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A Virtuous, Critical and Complex Industry

Much like the hydrologic cycle, connecting the earth and atmosphere in the global circulation of water, the water industry itself is ever-evolving and shifting. As an organization that supports the virtuous North American water industry, you are part of something critical and special. Water is life.

The water industry continues to be in a challenging position. As outlined in the annual AWWA “State of the Water Industry” report the top concerns of their annual survey respondents were aging infrastructure and infrastructure funding noting that access to capital had become more difficult. However, with regards to the overall health of the industry, the 2,000+ seasoned water professionals surveyed responded positively, indicating they felt very good about their business now and in the future.

Focus on the End Customer

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Utilities’ customers include rate-paying consumers, businesses, and sometimes other utilities who then distribute the product to more consumers.  Most utilities put their customers’ interests first, with a laser focus on maintaining a high level of service (LOS).  Drinking water services are expected to be uninterrupted, safe, and appealing.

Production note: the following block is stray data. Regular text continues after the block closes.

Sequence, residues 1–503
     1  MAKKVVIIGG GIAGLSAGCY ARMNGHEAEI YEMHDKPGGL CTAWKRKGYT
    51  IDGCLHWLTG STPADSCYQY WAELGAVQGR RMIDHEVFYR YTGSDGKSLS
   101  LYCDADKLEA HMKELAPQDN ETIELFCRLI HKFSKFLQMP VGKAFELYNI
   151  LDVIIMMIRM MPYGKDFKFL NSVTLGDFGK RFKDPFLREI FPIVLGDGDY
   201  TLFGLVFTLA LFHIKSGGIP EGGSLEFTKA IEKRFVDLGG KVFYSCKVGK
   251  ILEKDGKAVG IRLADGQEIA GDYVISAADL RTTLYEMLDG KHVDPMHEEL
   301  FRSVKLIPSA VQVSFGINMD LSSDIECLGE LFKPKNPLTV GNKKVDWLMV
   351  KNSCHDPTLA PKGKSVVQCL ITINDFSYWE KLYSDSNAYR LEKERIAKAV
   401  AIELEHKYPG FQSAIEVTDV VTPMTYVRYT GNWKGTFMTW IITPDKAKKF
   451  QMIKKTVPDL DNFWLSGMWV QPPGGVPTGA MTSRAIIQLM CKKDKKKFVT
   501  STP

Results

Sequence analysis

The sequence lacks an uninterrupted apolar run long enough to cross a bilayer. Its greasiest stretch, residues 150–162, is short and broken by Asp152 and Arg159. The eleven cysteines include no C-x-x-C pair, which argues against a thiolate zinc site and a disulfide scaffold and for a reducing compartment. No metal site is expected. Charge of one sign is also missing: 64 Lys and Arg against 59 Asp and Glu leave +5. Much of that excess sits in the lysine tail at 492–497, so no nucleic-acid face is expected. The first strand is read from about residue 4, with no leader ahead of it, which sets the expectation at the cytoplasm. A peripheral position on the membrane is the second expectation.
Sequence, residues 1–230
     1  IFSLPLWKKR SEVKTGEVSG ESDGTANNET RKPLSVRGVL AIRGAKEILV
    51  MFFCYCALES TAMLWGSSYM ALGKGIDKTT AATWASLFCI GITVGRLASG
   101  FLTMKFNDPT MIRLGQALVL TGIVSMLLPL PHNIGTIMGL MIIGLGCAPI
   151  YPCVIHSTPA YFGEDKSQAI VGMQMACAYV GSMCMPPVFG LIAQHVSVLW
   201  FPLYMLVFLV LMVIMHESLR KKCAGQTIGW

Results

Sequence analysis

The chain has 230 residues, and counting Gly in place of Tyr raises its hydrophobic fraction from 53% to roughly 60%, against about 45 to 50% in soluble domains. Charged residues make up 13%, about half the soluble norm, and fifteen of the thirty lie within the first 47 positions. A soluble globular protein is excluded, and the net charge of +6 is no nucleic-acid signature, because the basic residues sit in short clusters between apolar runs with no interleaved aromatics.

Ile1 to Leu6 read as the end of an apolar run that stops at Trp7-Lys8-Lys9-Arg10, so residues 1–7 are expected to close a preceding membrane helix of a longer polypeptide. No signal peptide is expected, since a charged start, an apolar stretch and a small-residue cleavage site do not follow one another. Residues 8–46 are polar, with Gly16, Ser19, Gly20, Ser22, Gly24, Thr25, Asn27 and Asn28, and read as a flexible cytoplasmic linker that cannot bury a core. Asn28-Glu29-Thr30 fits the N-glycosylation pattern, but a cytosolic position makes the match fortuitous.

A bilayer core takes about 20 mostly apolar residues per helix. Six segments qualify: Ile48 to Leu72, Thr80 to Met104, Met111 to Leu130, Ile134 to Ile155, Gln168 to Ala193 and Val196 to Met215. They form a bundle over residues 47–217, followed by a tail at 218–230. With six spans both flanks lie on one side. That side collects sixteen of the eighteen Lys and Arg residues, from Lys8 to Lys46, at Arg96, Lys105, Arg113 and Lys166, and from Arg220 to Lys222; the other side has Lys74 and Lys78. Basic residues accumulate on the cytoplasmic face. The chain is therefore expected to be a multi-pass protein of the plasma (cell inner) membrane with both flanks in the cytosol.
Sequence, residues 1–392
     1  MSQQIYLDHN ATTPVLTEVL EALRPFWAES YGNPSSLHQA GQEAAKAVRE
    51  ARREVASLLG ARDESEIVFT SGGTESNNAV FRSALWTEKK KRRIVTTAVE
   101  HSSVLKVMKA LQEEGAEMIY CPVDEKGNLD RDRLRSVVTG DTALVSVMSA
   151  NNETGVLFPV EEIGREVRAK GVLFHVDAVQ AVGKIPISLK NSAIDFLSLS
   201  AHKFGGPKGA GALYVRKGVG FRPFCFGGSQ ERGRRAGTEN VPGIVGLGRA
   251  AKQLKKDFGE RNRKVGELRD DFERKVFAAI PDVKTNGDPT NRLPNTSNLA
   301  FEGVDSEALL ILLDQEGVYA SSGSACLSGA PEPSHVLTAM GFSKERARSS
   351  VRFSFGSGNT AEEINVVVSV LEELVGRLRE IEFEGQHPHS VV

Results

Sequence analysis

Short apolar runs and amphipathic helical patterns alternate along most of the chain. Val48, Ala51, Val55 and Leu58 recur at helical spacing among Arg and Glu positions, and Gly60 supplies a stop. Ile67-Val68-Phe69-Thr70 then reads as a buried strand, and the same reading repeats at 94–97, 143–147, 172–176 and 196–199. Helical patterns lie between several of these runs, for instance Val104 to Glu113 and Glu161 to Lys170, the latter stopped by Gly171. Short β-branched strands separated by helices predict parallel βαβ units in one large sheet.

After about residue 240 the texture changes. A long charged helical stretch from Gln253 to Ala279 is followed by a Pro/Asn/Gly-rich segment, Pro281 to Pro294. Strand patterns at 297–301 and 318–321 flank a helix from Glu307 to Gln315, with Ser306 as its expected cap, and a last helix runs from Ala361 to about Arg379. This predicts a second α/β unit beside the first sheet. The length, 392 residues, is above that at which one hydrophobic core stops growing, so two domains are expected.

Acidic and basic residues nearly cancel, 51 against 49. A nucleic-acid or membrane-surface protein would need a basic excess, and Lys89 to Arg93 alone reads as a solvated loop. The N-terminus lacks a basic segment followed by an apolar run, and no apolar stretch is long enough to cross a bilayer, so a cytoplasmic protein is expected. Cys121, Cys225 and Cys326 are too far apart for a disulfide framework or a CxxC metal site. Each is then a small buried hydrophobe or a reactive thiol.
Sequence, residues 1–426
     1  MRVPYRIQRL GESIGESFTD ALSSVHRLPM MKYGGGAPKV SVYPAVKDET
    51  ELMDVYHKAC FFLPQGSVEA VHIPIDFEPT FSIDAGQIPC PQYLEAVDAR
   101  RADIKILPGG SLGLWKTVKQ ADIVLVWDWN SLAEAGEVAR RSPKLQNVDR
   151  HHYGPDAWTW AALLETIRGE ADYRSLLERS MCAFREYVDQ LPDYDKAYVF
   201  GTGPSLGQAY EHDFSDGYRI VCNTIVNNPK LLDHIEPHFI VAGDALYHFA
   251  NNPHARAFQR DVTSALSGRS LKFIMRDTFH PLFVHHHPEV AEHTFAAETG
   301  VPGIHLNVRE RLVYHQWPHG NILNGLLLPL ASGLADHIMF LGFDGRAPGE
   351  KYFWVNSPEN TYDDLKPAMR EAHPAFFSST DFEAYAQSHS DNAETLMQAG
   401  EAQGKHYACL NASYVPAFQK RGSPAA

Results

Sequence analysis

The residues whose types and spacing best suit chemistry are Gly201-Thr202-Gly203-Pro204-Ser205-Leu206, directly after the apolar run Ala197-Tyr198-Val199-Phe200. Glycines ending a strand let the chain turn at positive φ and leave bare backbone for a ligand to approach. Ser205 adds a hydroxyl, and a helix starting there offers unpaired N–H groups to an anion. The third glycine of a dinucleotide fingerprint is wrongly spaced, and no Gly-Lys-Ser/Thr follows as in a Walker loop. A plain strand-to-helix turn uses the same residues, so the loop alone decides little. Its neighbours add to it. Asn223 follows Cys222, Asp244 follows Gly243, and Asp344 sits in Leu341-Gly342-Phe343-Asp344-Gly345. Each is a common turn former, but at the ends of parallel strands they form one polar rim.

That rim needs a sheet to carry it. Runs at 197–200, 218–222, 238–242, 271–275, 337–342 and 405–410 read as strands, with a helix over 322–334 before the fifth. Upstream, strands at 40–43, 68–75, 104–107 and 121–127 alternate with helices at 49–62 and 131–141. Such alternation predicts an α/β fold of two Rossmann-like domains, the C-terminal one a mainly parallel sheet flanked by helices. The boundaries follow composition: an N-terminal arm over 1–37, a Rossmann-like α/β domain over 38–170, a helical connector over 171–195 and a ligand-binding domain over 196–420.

Acceptable LOS is defined in many ways, and as a service provider, you help assure quality in all measures.  This could be defined by:

  •  federal regulations such as the Safe Drinking Water Act (SDWA) and by additional regional regulations;
  •  socio-political expectations of the community being served, and 
  • the economic needs of businesses and households that cannot function without drinking water.  

When LOS isn’t met, there is social upheaval, and utilities suffer the consequences.  Public utilities having consistent operating or financial challenges increasingly have the possibility of being acquired by large consolidated utility companies, some of whom are publicly traded organizations on the U.S. stock exchange.  

Melding the New and the Old

While serving water utilities you experience the push and pull of new and old ideas.  The industry is, by necessity, risk-averse.  Slow, measured change is the norm.  This keeps the taps flowing, and the quality high.  But that doesn’t mean that the industry is standing still.  

There is evolving pressure around climate change that puts a new spin on managing flood and drought conditions.  Trade-offs are being made around sustainable sources of water and long-term storage.  

A change of the guard is happening, with seasoned veterans being replaced by new entrants to the workforce.  This new generation is more mobile and digitally native, with high expectations for the usability of systems, the safety of working environments, and concern for environmental protection.  

New management system frameworks are evolving and being increasingly deployed.  Municipalities such as the City of Los Angeles and associated regional agencies are deploying a One Water strategy, looking holistically at drinking water, stormwater and wastewater.  The AWWA is articulating the idea of Total Water Solutions, which extends the idea to water reuse.

 

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